Happy birthday, 'Father of Oregon'
Oct. 19 marks the 235th birthday of Dr. John McLoughlin, and Oregon City is hosting a celebration for its town founder.
Last week, Mayor Dan Holladay issued a proclamation encouraging citizens to participate in the celebration beginning at 11 a.m. in McLoughlin Park, now the site of the 1845 McLoughlin House, a National Parks System attraction.
Joan Williams, president of the McLoughlin Memorial Association co-hosting the event, said she's looking forward to the bash as a celebration of a second major anniversary. MMA was formed in 1909 for preserving McLoughlin's 1845 home and sharing his story. It was exactly 110 years ago when MMA was founded to move the house up Singer Hill from its original location next to Willamette Falls to McLoughlin Park.
"If it weren't for MMA volunteers, I don't think the house would be open today," Williams said.
Williams said the house will get a much-needed face lift this winter when it closes for the season. Its last day open to the public this year will be Dec. 7 so that National Parks can work on its foundation, and install new carpet and wallpaper.
Parks Superintendent Tracy Fortmann will update the public at the celebration as to whether the renovated McLoughlin House is expected to reopen in time for its usual celebration of the anniversary of Oregon's founding on Feb. 14.
McLoughlin came to the Northwest in 1824 as a representative of the Hudson's Bay Company and took charge of Fort Vancouver. In 1829, Native Americans directed McLoughlin to Willamette Falls as a source of power for sawmills to help construction at Fort Vancouver.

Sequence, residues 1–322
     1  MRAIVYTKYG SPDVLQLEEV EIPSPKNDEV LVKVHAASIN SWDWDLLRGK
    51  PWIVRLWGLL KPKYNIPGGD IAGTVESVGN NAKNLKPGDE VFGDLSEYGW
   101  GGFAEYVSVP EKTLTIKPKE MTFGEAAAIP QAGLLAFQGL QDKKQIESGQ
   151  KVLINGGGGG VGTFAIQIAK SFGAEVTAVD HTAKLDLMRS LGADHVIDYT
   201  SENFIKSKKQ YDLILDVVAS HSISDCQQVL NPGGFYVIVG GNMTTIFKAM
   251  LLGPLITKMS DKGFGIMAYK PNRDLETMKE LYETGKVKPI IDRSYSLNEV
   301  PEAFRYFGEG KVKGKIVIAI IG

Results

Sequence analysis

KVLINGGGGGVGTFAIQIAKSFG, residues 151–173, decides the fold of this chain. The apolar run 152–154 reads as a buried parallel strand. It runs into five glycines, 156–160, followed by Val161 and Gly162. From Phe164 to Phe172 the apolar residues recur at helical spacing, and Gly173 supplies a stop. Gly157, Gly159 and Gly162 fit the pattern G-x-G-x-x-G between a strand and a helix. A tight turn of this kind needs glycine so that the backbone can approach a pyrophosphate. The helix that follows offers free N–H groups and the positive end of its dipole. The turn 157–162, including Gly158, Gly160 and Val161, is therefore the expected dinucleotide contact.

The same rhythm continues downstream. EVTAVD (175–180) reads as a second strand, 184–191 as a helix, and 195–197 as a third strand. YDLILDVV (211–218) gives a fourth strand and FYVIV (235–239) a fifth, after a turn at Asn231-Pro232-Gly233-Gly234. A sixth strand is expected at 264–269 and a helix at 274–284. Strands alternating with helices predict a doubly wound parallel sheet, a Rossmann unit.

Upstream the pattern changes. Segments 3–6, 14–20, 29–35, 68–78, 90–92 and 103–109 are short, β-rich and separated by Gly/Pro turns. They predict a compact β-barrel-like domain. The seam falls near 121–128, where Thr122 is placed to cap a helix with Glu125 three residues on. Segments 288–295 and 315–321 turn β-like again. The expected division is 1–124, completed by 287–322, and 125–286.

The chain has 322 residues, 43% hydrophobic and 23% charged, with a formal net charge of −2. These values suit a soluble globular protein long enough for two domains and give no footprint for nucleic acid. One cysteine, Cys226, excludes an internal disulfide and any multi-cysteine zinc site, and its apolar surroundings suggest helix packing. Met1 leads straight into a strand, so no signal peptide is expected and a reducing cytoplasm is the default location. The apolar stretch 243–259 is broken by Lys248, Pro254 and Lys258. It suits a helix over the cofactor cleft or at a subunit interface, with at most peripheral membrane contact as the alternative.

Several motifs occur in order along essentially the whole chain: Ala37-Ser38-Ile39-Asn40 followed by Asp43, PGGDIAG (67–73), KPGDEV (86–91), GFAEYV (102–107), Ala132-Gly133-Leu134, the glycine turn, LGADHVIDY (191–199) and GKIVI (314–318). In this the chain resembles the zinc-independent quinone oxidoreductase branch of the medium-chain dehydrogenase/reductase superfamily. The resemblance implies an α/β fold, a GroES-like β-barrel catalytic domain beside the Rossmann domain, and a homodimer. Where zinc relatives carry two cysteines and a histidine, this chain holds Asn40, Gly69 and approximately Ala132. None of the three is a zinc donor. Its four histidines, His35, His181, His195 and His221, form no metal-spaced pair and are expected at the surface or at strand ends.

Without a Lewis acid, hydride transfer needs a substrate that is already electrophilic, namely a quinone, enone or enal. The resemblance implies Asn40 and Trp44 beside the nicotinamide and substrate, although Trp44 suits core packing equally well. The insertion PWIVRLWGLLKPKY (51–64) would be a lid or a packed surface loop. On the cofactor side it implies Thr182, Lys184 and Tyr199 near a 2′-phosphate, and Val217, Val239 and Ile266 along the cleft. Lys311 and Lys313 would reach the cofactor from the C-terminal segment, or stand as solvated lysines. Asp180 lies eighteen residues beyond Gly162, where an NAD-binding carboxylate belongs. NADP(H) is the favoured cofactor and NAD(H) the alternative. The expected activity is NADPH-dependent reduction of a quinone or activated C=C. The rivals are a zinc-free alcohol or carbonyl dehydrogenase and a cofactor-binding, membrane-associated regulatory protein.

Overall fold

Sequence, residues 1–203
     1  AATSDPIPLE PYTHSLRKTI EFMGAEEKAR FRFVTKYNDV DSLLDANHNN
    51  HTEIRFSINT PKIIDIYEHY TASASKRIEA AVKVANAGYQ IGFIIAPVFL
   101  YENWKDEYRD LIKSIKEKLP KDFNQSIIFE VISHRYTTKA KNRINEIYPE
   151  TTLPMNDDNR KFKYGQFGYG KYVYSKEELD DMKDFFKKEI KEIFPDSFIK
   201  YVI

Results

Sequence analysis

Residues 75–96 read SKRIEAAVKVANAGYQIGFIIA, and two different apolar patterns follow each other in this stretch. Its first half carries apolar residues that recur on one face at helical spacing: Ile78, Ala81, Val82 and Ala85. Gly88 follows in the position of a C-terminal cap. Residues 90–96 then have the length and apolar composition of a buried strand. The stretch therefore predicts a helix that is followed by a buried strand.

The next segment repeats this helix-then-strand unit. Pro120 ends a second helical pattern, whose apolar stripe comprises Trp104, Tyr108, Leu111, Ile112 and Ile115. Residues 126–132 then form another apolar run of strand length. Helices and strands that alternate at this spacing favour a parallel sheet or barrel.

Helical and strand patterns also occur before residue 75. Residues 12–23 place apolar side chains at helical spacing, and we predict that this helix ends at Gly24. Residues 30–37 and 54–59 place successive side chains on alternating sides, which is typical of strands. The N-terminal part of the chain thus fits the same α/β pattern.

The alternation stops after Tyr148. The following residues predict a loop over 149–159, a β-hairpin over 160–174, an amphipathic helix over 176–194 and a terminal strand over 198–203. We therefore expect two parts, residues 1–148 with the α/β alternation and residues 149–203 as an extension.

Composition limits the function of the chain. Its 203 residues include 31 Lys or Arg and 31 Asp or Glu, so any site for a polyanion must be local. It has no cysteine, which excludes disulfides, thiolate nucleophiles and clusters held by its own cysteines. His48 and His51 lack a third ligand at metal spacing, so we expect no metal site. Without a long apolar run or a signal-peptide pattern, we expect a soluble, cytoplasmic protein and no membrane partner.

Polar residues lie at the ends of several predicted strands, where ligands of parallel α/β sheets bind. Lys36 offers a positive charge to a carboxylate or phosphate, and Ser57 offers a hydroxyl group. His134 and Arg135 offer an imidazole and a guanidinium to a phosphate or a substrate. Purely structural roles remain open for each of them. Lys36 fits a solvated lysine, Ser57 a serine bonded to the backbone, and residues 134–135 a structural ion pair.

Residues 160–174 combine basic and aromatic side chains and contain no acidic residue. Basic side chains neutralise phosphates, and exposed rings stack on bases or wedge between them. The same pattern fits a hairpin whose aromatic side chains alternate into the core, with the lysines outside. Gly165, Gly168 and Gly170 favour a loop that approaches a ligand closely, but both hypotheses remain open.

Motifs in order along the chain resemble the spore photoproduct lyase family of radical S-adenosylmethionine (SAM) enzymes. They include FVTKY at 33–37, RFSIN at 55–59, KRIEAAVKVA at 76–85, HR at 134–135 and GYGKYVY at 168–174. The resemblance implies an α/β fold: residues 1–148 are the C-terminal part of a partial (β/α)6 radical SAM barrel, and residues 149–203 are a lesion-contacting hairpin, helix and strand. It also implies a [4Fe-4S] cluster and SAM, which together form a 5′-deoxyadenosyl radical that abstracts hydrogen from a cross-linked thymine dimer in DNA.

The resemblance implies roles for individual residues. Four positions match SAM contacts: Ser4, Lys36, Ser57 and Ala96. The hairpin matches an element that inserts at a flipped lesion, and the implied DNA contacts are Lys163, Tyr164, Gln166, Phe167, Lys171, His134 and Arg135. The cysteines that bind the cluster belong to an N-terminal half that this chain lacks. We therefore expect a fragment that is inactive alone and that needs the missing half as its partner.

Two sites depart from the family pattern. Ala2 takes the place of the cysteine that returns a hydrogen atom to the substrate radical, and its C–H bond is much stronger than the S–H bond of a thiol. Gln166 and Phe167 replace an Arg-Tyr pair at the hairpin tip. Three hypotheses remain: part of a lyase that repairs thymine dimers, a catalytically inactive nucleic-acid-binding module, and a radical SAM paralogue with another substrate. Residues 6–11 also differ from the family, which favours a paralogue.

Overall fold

Summers End Promenade, an event usually held at the Fort Vancouver National Historic Site, will be held at the McLoughlin House to help celebrate the doctor's birthday. During McLoughlin's time, 600 people lived year-round at Fort Vancouver, not counting the thousands of trappers who would come in seasonally, said John Salisbury, an MMA volunteer and former park ranger working at the McLoughlin House.
Bob Prinz, a cook from Fort Vancouver, will demonstrate types of dishes that fed those pioneers; attendees of the Oct. 19 celebration might be able to sample a mushroom/potato dish, salmon or types of apples planted in orchards near the fort.
McLoughlin saw the value of the area around the falls, which he platted for a settlement he named Oregon City. He assisted the American pioneers who journeyed out on the Oregon Trail in the 1840s against the wishes of the Hudson's Bay Company.
McLoughlin decided to retire before Hudson's Bay fired him for being too friendly to American pioneers and Native Americans. At 72 years old in 1856, in the last year of his life, McLoughlin was in poor health and could have been described as "cranky," according to another former Oregon City mayor, Doug Neeley, who has dressed as McLoughlin dozens of times in the past five years or so. Neeley plans to reprise his role as the elderly McLoughlin at the celebration.
"After his falling out with the Hudson's Bay Company, the American authorities stripped from him the unbuilt portions of his donation land claim, since he was British/Catholic," Neeley said. "The block between Second and Third streets, down by the falls where his house was, was the only land he was allowed to keep."
McLoughlin's contributions to the founding of the Oregon Territory weren't officially appreciated until after his death. State officials in a 1957 resolution, gave McLoughlin the honorary title of "Father of Oregon."
WHAT: 235th birthday of Dr. John McLoughlin and 110th anniversary of McLoughlin Memorial Association's founding
WHEN: 11 a.m.-3 p.m. Saturday, Oct. 19
WHERE: Hourlong program kicks off the event at Victory Faith Church, 811 Center St., followed by activities next door at the Barclay and McLoughlin houses
MORE: Visit mcloughlinhouse.org for a full list of events and activities.
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